Adolfo Caminha, Domingos Olímpio, José de Alencar, Aluisio Azevedo and Machado de Assis. Photo: reproduction

The relationships between nineteenth-century Brazilian literature and photography still need to be described and analyzed. Brought to Brazil in 1840 – a year after its “official” discovery in Paris – photography was soon disseminated here, both in its materiality as “real” photography (business cards and their albums, postcards, etc.), and by the photographic image translated into woodcuts and lithographs, which quickly flooded the journalistic publications of the period.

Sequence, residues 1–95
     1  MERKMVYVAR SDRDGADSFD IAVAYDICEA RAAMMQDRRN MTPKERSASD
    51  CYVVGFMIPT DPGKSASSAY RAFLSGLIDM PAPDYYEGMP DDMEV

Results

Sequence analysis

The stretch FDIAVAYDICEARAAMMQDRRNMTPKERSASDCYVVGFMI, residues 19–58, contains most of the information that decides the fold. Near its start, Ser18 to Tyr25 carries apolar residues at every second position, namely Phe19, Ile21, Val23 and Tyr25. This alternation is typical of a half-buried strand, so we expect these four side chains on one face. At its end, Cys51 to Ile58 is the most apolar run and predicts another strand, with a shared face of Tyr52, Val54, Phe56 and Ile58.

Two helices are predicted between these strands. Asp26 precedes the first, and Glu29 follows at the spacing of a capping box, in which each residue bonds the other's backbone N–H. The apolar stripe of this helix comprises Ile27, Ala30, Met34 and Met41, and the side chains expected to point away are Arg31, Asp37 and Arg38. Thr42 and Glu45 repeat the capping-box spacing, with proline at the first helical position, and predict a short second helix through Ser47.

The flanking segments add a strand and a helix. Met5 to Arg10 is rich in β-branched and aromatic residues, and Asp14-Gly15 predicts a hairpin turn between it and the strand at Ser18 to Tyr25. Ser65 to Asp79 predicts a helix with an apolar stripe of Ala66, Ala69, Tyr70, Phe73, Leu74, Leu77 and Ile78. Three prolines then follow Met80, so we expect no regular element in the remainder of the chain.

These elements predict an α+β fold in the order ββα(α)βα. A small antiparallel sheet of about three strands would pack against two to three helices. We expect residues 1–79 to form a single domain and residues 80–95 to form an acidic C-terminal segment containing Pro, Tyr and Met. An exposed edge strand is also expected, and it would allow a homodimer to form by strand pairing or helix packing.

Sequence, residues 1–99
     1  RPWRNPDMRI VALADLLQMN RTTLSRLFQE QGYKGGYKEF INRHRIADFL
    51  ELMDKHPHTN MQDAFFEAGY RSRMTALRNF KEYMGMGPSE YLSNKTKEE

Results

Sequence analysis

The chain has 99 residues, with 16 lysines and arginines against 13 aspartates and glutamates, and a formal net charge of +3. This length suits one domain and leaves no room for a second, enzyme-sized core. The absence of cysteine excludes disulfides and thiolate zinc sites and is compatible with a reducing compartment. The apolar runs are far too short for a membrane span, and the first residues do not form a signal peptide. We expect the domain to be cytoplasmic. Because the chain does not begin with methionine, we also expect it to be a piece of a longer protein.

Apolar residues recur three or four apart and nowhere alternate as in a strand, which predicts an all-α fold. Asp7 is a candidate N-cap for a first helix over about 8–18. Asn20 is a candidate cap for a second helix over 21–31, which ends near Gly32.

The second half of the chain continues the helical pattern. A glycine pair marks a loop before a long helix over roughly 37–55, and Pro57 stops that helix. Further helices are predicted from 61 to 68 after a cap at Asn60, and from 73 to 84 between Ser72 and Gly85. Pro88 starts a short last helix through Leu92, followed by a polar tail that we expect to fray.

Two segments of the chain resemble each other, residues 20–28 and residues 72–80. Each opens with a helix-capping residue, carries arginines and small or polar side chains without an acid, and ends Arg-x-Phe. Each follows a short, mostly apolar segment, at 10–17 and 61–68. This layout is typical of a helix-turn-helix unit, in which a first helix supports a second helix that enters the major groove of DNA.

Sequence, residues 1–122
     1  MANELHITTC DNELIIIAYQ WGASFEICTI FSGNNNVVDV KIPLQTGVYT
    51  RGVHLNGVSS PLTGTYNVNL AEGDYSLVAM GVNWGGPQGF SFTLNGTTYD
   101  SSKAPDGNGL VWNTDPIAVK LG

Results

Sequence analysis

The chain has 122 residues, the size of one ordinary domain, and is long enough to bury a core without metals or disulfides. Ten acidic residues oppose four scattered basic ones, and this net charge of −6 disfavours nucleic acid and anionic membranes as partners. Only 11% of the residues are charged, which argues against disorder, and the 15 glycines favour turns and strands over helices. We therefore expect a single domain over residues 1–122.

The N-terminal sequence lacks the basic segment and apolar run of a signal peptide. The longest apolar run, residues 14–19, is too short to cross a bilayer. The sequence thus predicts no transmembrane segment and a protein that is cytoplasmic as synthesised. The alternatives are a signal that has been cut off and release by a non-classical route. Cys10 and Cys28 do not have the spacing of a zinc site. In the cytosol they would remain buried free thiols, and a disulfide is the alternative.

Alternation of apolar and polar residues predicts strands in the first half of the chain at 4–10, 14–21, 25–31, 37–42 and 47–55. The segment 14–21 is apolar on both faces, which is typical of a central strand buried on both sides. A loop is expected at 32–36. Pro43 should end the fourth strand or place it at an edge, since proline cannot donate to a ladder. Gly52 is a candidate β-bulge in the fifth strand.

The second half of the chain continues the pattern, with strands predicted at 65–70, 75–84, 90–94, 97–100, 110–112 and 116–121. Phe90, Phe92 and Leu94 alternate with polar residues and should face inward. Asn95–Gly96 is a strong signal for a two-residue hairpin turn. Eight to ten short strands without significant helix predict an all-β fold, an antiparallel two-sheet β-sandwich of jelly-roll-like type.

I would not be able to specify which novel or story written by a Brazilian author in which the photograph or photographic image appears for the first time, although I believe that this phenomenon occurred more strongly from the 1870s onwards. The presence of photography and photographic image in Brazilian literature is certainly one of the most accurate indices about the relevant role that photography gradually took on in various sectors of Brazilian life, whether with the white layers of the population, or in the daily life of free or freed black people (case of the character Amaro, from Good Creole, by Adolfo Caminha). It is not a matter of saying that the literature of the time directly mirrored the presence of photography in Brazilian society, but that this reflection appears worked and transformed by literature itself, understood as a cloudy mirror, which will grant photography and the photographic image not only the position of an example of “modernity” in Brazil at the time, but, in some cases, it will give him the role of an important character (in the mulatto, by Aluísio Azevedo, for example) or a fundamental character (as in Dom Casmurro, in Machado de Assis).